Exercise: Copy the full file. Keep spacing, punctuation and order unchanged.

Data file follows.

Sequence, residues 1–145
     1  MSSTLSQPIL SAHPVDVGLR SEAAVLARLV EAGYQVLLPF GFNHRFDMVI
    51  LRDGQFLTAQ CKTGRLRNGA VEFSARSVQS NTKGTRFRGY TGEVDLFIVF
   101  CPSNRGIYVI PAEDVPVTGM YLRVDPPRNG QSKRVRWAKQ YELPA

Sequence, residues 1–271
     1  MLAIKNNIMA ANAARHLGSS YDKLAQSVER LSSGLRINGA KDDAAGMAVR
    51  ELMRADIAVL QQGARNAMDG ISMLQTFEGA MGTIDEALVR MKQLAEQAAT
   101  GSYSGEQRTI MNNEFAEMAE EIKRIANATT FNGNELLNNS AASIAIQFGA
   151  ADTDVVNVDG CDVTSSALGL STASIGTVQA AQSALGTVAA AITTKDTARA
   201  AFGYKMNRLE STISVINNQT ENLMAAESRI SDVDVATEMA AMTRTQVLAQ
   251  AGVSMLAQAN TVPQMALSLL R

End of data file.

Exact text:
Sequence, residues 1–145
     1  MSSTLSQPIL SAHPVDVGLR SEAAVLARLV EAGYQVLLPF GFNHRFDMVI
    51  LRDGQFLTAQ CKTGRLRNGA VEFSARSVQS NTKGTRFRGY TGEVDLFIVF
   101  CPSNRGIYVI PAEDVPVTGM YLRVDPPRNG QSKRVRWAKQ YELPA

Sequence, residues 1–271
     1  MLAIKNNIMA ANAARHLGSS YDKLAQSVER LSSGLRINGA KDDAAGMAVR
    51  ELMRADIAVL QQGARNAMDG ISMLQTFEGA MGTIDEALVR MKQLAEQAAT
   101  GSYSGEQRTI MNNEFAEMAE EIKRIANATT FNGNELLNNS AASIAIQFGA
   151  ADTDVVNVDG CDVTSSALGL STASIGTVQA AQSALGTVAA AITTKDTARA
   201  AFGYKMNRLE STISVINNQT ENLMAAESRI SDVDVATEMA AMTRTQVLAQ
   251  AGVSMLAQAN TVPQMALSLL R